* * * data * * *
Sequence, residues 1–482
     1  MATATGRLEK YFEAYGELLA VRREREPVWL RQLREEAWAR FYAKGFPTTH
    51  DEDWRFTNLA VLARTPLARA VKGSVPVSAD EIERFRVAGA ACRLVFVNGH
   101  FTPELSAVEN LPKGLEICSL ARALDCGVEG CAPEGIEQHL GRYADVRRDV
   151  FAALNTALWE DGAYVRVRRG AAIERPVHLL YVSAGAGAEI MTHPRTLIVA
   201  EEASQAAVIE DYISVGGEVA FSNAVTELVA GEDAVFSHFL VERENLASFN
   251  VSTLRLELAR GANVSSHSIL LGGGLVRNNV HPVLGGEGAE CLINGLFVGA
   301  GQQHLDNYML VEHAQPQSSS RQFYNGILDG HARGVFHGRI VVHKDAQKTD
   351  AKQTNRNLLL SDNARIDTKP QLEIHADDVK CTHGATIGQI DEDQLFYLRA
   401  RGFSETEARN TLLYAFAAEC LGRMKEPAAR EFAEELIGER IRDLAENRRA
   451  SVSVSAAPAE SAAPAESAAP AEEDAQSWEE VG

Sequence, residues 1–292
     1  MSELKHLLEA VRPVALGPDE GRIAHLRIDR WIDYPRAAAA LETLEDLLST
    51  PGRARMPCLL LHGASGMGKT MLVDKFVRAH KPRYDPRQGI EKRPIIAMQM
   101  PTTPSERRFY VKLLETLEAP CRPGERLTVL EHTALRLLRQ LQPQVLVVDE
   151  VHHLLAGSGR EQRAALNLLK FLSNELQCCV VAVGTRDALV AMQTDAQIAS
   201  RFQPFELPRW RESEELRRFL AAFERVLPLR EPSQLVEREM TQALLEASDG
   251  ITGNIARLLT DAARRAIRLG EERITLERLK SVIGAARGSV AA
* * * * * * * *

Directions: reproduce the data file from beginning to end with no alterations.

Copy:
Sequence, residues 1–482
     1  MATATGRLEK YFEAYGELLA VRREREPVWL RQLREEAWAR FYAKGFPTTH
    51  DEDWRFTNLA VLARTPLARA VKGSVPVSAD EIERFRVAGA ACRLVFVNGH
   101  FTPELSAVEN LPKGLEICSL ARALDCGVEG CAPEGIEQHL GRYADVRRDV
   151  FAALNTALWE DGAYVRVRRG AAIERPVHLL YVSAGAGAEI MTHPRTLIVA
   201  EEASQAAVIE DYISVGGEVA FSNAVTELVA GEDAVFSHFL VERENLASFN
   251  VSTLRLELAR GANVSSHSIL LGGGLVRNNV HPVLGGEGAE CLINGLFVGA
   301  GQQHLDNYML VEHAQPQSSS RQFYNGILDG HARGVFHGRI VVHKDAQKTD
   351  AKQTNRNLLL SDNARIDTKP QLEIHADDVK CTHGATIGQI DEDQLFYLRA
   401  RGFSETEARN TLLYAFAAEC LGRMKEPAAR EFAEELIGER IRDLAENRRA
   451  SVSVSAAPAE SAAPAESAAP AEEDAQSWEE VG

Sequence, residues 1–292
     1  MSELKHLLEA VRPVALGPDE GRIAHLRIDR WIDYPRAAAA LETLEDLLST
    51  PGRARMPCLL LHGASGMGKT MLVDKFVRAH KPRYDPRQGI EKRPIIAMQM
   101  PTTPSERRFY VKLLETLEAP CRPGERLTVL EHTALRLLRQ LQPQVLVVDE
   151  VHHLLAGSGR EQRAALNLLK FLSNELQCCV VAVGTRDALV AMQTDAQIAS
   201  RFQPFELPRW RESEELRRFL AAFERVLPLR EPSQLVEREM TQALLEASDG
   251  ITGNIARLLT DAARRAIRLG EERITLERLK SVIGAARGSV AA